“The demand for a caste census is easy to explain and, unlike our criticism of the women’s bill, it also has a positive message of empowerment... by simultaneously insisting on OBC sub-quota in the 33 percent reserved seats for women, we can also try to prevent an en masse shift of OBC women to the BJP,” a senior INDIA coalition leader told The Federal.

Rahul Gandhi’s recent expression of “100 percent regret” at non-inclusion of an OBC quota in the UPA government’s version of the Women’s Reservation Bill, which was passed by the Rajya Sabha in March 2010 but couldn’t clear the Lok Sabha due to opposition from caste-based social justice parties such as the RJD and the SP, is part of this counter-narrative that the INDIA coalition wants to offer.

Rahul has also conceded that though the UPA government got a socio-economic caste census (SECC) conducted in 2011, “internal discussions” (he did not specify whether in the government or in his party) prevented the publication of the collected data. Rahul has said the UPA government “should have published” the findings of the SECC and “guaranteed” the backward classes that the Congress will have a fresh Caste Census conducted when in power.

Additionally, Kharge has also been promising a caste census and survey in poll-bound MP, Rajasthan, Chhattisgarh and Telangana.

This push from the Congress is an obvious departure from its past stand on the issue of multi-dimensional affirmative action for OBCs. It was the Congress’s stout refusal to an OBC sub-quota that had derailed the legislative journey of the UPA’s 2010 version of the Women’s Reservation Bill.

Long before that, be it the Jawaharlal Nehru government in the late 1950s or the Indira Gandhi and Rajiv Gandhi governments of the 1980s, each had dragged their feet on taking any credible action on reports of various commissions that were set up to determine different ways of OBC empowerment.

Earlier failures

Predictably, the Nehru government’s failure to act on recommendations of the First Backward Classes Commission (Kaka Kalelkar Commission), 1955, and the decade-long delay from 1980 to 1990 (encompassing the tenure of majority governments of Indira and Rajiv) in the implementation of the recommendations of the Mandal Commission – 27 percent OBC reservation in government jobs was finally accepted by the non-Congress VP Singh government – was highlighted by BJP leaders during the special session.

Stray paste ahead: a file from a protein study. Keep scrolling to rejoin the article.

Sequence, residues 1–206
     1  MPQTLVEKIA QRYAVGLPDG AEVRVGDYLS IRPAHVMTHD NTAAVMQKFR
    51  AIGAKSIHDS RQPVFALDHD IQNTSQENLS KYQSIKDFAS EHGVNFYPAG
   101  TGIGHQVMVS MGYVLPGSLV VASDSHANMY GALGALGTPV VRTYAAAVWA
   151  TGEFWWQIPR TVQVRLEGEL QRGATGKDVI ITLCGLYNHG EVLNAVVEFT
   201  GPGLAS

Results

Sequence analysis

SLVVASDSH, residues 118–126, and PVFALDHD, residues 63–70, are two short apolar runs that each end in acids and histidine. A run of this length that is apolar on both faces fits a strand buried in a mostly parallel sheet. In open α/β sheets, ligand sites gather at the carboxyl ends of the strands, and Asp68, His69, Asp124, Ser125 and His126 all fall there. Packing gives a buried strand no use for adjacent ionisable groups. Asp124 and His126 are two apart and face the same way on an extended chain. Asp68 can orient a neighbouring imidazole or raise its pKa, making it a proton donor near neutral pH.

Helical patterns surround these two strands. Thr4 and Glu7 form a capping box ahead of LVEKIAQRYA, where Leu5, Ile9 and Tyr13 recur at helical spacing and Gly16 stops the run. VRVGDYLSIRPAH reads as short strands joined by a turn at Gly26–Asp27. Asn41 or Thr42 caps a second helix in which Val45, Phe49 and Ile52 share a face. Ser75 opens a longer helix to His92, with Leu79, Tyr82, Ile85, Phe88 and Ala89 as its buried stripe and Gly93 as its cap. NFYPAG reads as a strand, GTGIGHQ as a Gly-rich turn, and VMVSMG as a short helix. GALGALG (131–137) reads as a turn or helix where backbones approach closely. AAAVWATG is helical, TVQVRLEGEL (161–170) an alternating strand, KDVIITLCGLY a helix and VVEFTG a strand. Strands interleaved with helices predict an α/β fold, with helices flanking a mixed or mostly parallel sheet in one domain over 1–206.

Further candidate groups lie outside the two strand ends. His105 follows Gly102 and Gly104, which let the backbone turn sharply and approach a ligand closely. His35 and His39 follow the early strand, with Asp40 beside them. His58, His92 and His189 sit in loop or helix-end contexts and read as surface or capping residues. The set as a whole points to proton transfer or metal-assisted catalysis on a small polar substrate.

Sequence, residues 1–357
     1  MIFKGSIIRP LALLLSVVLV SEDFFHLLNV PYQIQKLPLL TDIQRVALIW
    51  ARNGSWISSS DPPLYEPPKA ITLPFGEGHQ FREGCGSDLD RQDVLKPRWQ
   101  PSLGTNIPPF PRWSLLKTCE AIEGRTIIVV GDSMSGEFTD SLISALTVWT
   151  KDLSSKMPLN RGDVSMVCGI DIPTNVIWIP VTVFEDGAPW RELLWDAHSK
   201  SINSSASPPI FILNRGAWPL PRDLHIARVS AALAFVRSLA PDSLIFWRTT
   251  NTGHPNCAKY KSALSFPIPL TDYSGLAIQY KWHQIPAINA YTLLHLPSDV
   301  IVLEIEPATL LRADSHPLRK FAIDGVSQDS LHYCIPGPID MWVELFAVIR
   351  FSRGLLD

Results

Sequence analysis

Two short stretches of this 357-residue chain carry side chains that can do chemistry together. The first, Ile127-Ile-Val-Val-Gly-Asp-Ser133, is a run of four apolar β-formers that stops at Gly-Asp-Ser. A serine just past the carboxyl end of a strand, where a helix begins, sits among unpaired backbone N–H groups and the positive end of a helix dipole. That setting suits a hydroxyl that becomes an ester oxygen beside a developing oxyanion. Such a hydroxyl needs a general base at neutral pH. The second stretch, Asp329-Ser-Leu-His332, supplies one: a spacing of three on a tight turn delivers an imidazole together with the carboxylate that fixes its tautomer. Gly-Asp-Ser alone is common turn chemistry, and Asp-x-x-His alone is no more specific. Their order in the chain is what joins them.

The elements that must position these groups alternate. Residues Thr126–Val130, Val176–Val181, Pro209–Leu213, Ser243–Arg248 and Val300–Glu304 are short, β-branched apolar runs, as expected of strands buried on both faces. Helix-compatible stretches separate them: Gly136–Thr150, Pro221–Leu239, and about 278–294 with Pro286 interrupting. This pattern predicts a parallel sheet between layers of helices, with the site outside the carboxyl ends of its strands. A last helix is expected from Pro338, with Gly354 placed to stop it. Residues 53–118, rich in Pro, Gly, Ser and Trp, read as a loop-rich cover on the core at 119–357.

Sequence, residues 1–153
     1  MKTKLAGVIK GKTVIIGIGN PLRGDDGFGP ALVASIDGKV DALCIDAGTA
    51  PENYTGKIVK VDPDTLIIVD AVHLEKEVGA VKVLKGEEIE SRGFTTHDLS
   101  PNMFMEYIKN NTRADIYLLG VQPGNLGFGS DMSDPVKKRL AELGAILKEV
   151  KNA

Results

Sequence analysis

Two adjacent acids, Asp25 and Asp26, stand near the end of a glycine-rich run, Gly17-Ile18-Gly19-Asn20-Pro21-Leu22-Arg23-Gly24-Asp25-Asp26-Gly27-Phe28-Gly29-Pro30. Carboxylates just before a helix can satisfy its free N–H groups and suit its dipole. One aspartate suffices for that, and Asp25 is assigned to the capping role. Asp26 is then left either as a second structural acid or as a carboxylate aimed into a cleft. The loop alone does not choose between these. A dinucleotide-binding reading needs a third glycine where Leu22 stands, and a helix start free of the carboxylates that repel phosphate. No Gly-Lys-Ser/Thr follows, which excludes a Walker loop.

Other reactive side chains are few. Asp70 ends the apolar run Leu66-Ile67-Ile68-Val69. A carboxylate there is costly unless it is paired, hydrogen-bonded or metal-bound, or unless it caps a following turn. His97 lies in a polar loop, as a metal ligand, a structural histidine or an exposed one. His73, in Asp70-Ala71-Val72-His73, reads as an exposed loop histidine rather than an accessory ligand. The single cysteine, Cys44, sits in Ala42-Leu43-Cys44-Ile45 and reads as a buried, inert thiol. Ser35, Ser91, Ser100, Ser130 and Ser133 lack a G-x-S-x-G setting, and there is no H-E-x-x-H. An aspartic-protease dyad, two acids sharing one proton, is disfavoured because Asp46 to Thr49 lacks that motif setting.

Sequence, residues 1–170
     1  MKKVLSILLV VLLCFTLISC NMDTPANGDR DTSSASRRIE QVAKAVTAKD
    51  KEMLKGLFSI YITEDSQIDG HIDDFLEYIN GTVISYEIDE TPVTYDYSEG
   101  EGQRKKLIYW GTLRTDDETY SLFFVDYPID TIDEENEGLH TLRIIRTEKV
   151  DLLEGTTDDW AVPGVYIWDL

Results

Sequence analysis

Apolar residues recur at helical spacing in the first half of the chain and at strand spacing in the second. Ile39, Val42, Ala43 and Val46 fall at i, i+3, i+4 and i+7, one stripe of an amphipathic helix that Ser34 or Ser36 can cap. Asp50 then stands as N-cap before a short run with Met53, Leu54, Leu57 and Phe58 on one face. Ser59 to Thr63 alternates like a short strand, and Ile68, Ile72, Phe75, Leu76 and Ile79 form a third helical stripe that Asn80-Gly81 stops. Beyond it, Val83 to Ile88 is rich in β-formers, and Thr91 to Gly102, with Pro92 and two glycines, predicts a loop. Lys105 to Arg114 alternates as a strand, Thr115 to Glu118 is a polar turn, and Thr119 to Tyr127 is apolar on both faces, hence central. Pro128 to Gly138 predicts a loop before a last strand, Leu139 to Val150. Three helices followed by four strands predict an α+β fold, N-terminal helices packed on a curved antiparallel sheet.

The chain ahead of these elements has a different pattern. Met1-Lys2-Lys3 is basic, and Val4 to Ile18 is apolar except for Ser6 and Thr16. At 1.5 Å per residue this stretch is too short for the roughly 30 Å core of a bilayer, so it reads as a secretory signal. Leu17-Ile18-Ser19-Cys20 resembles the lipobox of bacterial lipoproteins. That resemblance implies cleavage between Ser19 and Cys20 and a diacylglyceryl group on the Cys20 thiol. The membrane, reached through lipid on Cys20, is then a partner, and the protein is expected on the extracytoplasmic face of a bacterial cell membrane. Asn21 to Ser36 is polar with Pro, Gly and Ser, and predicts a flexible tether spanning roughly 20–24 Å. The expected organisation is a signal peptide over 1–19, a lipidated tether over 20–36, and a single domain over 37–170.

From Amit Shah to JP Nadda, nearly all senior BJP leaders who spoke during the debate on the Naari Shakti Vandan Adhiniyam cited the non-implementation of these commission reports by Congress government to lambast Sonia Gandhi and Rahul Gandhi’s push for an OBC sub-quota in the Women’s Reservation Bill.

By expressing regret over some of these acts of omission and commission by the UPA government, Rahul may have validated the BJP’s “anti-OBC” jibe at his family and party but the Congress hopes that it would also showcase a new-found sincerity towards welfare of backward classes.

Lucknow-based political commentator and activist, Professor Ravikant, told The Federal: “Women and OBCs both constitute a voting bloc of 50 per cent of our population and both of these are very amorphous groups; to win support of a majority within either, political parties need a strong narrative that appeals uniformly... women reservation and caste census will both have a strong attraction.”

Ultimately, both the BJP/NDA and Congress/INDIA will have to find “ways of bolstering their respective narratives with ancillary outreach ideas”, says Ravikant, adding that the BJP has already been doing this over the years by bringing segments of OBCs and women, including OBC women, “into their Hindutva narrative while also simultaneously pushing their laabharthi (beneficiaries of Centre’s welfare schemes) propaganda to which Modi has now added this Vishwakarma scheme specifically for OBCs”.

The INDIA parties have to build a similar umbrella narrative, wherein “the pivot can be caste census and ancillaries can be issues like unemployment, price rise, farmer welfare,” he said.